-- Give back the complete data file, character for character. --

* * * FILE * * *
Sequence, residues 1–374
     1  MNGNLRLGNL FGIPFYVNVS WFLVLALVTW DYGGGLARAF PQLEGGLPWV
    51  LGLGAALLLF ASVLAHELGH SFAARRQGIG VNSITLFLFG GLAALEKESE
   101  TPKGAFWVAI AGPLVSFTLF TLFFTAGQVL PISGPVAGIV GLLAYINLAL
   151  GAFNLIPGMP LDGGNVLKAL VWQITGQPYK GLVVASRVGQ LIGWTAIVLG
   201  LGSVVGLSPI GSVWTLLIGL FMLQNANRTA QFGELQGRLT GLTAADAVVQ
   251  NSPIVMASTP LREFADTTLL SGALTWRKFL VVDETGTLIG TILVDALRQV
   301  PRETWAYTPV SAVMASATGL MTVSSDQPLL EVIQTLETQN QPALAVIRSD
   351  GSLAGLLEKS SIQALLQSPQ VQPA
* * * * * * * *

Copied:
Sequence, residues 1–374
     1  MNGNLRLGNL FGIPFYVNVS WFLVLALVTW DYGGGLARAF PQLEGGLPWV
    51  LGLGAALLLF ASVLAHELGH SFAARRQGIG VNSITLFLFG GLAALEKESE
   101  TPKGAFWVAI AGPLVSFTLF TLFFTAGQVL PISGPVAGIV GLLAYINLAL
   151  GAFNLIPGMP LDGGNVLKAL VWQITGQPYK GLVVASRVGQ LIGWTAIVLG
   201  LGSVVGLSPI GSVWTLLIGL FMLQNANRTA QFGELQGRLT GLTAADAVVQ
   251  NSPIVMASTP LREFADTTLL SGALTWRKFL VVDETGTLIG TILVDALRQV
   301  PRETWAYTPV SAVMASATGL MTVSSDQPLL EVIQTLETQN QPALAVIRSD
   351  GSLAGLLEKS SIQALLQSPQ VQPA